Tuesday, April 9, 2013

Lot Genealogy (Part 2): Automating Testing of a Genealogy

If you are going to roll out any caching of your lot genealogy data the one clear thing you have to get right is testing. If, like us, you are working in a highly regulated environment it's necessary to ensure that you've got your testing right.

To this end I've created a new table called LOT_GENEALOGY_WHEREUSED_TESTS;

Lot_Genealogy_WhereUsed_Tests Table Description
The purpose of this new table is to hold copies of the lot genealogy data from Lot_Genealogy_WhereUsed. By holding these "snapshots" we can check after each rebuild of the cache that the data that was there and we had previously validated as correct is still there.

To create tests the following SQL will insert an existing Lot Genealogy into the testing table;

INSERT INTO LOT_GENEALOGY_WHEREUSED_TESTS
  SELECT 'ATR002', -- test_Ref
         'Product lot (166449) consists of two items (038003 and 038001)', -- test_description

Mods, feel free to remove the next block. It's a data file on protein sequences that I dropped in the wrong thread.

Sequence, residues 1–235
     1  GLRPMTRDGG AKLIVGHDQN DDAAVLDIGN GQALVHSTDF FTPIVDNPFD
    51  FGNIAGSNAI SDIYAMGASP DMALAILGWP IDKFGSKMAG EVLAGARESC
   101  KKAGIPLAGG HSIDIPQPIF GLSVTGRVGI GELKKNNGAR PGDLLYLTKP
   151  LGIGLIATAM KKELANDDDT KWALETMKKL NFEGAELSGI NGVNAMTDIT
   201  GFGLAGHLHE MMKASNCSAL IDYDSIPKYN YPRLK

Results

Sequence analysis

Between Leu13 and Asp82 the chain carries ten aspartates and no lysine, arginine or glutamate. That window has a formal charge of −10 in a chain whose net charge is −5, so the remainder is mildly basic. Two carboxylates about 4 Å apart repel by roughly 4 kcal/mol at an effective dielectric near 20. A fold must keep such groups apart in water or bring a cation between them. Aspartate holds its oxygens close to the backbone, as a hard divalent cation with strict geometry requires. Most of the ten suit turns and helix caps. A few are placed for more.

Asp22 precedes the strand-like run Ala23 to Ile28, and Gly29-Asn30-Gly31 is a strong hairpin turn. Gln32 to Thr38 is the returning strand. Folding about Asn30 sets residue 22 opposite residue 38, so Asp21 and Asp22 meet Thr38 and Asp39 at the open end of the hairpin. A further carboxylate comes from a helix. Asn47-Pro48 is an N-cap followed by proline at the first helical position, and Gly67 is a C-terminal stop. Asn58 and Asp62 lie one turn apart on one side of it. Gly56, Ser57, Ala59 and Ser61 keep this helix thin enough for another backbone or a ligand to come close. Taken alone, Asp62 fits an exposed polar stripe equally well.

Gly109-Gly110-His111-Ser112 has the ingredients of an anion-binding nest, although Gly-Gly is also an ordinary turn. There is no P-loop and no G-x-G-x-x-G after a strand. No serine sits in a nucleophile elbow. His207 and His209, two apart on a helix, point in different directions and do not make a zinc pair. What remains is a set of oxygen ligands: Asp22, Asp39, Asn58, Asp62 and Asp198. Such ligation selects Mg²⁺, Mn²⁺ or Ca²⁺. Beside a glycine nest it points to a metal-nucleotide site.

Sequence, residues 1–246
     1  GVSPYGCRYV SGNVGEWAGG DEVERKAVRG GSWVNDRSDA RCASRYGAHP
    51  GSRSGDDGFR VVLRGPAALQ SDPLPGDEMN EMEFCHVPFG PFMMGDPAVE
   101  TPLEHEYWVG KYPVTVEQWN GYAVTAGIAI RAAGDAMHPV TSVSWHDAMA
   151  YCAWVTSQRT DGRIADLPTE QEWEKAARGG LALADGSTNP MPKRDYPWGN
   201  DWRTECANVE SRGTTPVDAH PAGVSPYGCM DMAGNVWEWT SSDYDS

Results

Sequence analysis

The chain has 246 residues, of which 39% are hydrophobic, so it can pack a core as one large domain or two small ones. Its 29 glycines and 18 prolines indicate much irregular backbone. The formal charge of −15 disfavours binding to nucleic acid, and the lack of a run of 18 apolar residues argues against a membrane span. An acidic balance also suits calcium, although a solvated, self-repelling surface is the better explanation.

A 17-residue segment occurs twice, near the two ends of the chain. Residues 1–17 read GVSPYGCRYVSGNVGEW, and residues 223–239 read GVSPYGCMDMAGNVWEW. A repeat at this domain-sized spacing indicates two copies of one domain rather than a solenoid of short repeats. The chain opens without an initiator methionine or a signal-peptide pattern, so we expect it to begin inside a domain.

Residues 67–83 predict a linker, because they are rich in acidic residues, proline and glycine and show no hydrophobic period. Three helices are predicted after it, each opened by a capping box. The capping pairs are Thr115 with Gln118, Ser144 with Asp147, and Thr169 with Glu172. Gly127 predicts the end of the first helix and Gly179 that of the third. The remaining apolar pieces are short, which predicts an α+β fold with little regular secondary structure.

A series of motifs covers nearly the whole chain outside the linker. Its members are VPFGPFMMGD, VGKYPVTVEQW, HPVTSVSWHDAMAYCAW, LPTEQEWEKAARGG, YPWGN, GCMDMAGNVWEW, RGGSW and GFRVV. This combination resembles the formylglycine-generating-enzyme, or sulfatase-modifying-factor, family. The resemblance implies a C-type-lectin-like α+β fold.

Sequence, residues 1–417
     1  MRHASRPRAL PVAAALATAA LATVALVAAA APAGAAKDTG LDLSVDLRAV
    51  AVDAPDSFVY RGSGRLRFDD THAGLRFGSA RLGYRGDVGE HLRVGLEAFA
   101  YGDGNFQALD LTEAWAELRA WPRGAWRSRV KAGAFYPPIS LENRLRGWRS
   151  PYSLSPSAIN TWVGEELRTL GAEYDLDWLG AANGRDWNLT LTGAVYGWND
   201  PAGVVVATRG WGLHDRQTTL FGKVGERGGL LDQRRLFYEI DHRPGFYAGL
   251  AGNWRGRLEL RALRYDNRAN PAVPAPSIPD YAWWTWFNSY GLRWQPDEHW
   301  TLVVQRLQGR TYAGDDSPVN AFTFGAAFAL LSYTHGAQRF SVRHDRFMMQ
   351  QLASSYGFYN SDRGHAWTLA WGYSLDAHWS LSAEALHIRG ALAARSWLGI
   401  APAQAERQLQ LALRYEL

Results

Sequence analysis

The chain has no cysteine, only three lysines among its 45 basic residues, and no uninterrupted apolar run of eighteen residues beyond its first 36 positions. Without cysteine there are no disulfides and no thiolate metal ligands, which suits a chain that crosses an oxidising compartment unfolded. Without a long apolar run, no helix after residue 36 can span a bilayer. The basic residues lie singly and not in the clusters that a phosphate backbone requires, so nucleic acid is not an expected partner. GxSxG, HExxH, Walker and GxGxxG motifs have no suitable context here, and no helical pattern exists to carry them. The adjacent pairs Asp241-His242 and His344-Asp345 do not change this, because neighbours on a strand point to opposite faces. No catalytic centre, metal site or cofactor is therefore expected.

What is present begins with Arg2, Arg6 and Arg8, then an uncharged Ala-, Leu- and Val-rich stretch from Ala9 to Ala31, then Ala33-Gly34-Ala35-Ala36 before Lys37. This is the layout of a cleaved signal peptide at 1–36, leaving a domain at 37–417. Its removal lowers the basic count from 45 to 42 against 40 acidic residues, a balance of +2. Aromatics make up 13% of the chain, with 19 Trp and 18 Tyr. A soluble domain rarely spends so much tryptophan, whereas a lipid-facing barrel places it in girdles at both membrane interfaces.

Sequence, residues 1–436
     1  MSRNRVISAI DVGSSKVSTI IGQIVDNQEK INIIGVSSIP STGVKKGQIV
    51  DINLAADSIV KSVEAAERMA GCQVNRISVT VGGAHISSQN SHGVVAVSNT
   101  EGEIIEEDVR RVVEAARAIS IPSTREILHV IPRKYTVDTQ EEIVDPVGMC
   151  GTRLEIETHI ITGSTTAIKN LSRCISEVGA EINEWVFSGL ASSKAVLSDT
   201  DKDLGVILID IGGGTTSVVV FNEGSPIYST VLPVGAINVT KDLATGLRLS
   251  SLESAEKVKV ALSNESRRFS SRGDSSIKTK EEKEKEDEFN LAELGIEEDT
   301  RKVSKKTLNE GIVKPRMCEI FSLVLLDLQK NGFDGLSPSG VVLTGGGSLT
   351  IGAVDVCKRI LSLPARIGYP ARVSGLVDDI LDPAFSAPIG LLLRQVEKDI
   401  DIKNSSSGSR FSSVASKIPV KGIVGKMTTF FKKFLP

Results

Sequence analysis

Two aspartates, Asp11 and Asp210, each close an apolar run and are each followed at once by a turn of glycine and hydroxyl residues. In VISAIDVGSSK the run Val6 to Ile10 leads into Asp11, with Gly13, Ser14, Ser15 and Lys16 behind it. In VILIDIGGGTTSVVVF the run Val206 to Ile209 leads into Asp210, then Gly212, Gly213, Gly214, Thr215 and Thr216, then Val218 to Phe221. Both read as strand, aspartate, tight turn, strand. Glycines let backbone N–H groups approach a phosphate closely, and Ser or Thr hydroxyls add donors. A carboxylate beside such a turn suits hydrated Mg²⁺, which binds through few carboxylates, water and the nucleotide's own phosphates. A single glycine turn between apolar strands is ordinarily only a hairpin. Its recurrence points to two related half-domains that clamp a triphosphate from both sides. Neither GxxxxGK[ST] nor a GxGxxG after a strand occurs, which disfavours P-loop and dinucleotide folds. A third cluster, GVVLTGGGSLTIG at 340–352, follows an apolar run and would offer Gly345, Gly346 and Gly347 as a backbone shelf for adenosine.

-- data from Lot Genealogy
         MASTER_LOT_NUMBER,
         INGRED_LOT_NUMBER,
         INGRED_ITEM_NUMBER,
         INGRED_ITEM_DESCRIPTION,
         INGRED_ITEM_TYPE_CODE,
         BATCH_NUMBER,
         PRODUCT_LOT_NUMBER,
         PRODUCT_ITEM_NUMBER,
         PRODUCT_ITEM_DESCRIPTION,
         PRODUCT_ITEM_TYPE_CODE
    FROM LOT_GENEALOGY_WHEREUSED LGW
   WHERE 1 = 1
     AND LGW.MASTER_LOT_NUMBER = '0490/0002';


This SQL is taking the lot genealogy for Master Lot Number 0490/0002 and copying it into the testing table, adding a test reference (ATR002) and a test description so we know what the test is supposed to be checking for.

That, as they say, was the easy bit. Now we need to create some SQL that is capable of running a test and returning a result. Our reporting tool (in case you can't tell from my other blog posts!) is SQL Server Reporting Services (SSRS) hence I'm going to split the SQL into two pieces, one to give me a list of all the tests and the other to run an individual test - SSRS will allow me to embed the latter as a sub-report into a report driven by the former.

List of Tests SQL

This was by far the easiest of the two;

SELECT DISTINCT LGWT.TEST_REF VALUE,
                LGWT.Test_Ref || ' (Lot ' || LGWT.MASTER_LOT_NUMBER || ')' LABEL
  FROM LOT_GENEALOGY_WHEREUSED_TESTS LGWT
 ORDER BY 1, 2


This returns something similar to;